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focus and ask you to answer some questions about cybersecurity if you have not been asked yet in north carolina our attorney general recently announced that 2021 saw a record number of data breaches which is more than two.4 million north carolinians my district has ransomware attacks on a multistate infrastructure operation such as the 2021 attack on the colonial pipeline. following this attack more than 70 percent of gas stations ran out of fuel leading my constituents with limited transit options. as you know colonial pipeline paid a ransom to get the system back online and in june 2021 doj directed federal prosecutors to coordinate ransomware investigation with the new digital extortion task
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force soon after working with the irs to clawback two. $3 million ever four.4 million brits and paid by colonial pipeline to a group using ransomware. while heralded as a great success no similar actions that we know of have been taken in the intervening years. with the colonial pipeline operation is thatar indicativesu on behalf of the us government? or is that a one-off situation of how great the impact was quick. >> if you believe that attack constituted a wake-up call because of the nature of the critical infrastructure we are
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engaged in the justice department in a concerted effort to address the challenge of ransomware which has increased significantly that what we see the cyberattacks than the range of threats from national security for ransomware to efforts to steal our secret information to efforts to steal trade secrets and effort to interfere with the political process through misinformation and even efforts to debilitate our critical infrastructure. cyberenable the tax are a significant concern and to focus on those attacks that emanate from nationstates. that we are most concerned about china and russia and iran and north >> in addition to the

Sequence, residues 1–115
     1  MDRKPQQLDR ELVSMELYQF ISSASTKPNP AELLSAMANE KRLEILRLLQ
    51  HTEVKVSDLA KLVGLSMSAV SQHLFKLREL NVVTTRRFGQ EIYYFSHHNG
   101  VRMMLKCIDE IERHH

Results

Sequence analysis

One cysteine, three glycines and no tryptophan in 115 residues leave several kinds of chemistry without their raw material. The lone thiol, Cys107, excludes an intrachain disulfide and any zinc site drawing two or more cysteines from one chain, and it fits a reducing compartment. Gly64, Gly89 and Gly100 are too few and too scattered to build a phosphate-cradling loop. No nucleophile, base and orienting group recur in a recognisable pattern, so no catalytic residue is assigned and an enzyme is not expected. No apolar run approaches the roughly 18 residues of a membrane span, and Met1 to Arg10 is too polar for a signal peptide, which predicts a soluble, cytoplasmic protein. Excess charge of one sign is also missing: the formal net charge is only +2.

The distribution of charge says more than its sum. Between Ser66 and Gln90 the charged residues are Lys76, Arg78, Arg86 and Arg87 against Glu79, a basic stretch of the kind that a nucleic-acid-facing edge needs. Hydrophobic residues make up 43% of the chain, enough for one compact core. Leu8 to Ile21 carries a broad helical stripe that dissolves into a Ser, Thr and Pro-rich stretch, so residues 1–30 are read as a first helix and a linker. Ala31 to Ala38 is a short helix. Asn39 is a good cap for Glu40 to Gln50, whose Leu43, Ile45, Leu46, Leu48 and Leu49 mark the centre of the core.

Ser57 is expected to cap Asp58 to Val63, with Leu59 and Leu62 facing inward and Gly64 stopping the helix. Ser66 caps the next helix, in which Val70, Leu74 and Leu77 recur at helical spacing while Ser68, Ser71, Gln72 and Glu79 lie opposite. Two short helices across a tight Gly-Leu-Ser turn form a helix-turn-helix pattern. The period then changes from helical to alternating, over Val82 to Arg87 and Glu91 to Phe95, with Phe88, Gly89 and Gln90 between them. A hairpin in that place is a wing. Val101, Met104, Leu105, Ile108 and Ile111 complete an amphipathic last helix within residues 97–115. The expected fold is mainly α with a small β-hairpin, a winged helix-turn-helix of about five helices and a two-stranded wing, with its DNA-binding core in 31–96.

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nationstates we have road actors that are enabled by nationstates and because of the nature of the block chain statements when the recipient is anonymous, the trail could be easier to follow. why is it difficult to intercept all caps on currency payments made to ransomware quick. >> we appreciate it you have a deep understanding of this challenge and forns wine i agree that it is hard to discern or distinguish betweennd criminal groups and nationstates theas way they might enable or support the work of criminal acting groups when it comes to the recovery of cryptopayments that challenge there is that these groups are by nature to
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hide their steps and can make it difficult to identify the money paid in ransom that i would note we did announce last year we had 80 percent of those that was paid to that hacking group darkside and then to cover that cigna one —- significant portion but that will not always be true because these try to hide their tracks. >> i yield my time to the gentleman from ohio. >> thankgn you for yielding. mr. alston what is the number of doj employees that have access to 702 pfizer acquired act? >> i don't know the exact
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number but i assume it includes the fbi? and those who have access to the complete data. >> give me an estimate quick. >> i don't have the number that every person who can query that database has to be trained and certified to have access to that data. >> when we had a briefing on a similar situation we were told it could be as high as 10000 people we did not expect that but we did expect thousands so she works for you and is a lawyer and told we would like to know what that number really is with the pfizer
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reauthorization on —- pfizer reauthorization there is all kinds of problems. >> @-at-sign of that was the number given to you from when you received but that readout from that briefing i assume it was accurate. >> actually is that high so one of the first questions we got today from the gentleman from arizona asking 42 individuals that the homeland security identified illegal migrants coming forward on the terrorist watchlist so does i.c.e. inform you about that information? you indicated you did not know. >> i think it was cbp. not i.c.e. and my responses it would go to the fbi of the investigative arm. >> by definition on the
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terrorism watchlist. i think it would go straight to you. >> we certainly do work hand in hand with the fbi and then we would be the lawyers involved working with the fbi investigating. >> i understand what is supposed to happen but if you couple that with the response and asking his answer is i don't know even though is widely reported in the press and that goes to the national security division. >> did anybody at the national security division encourage anyone to purchase pegasus?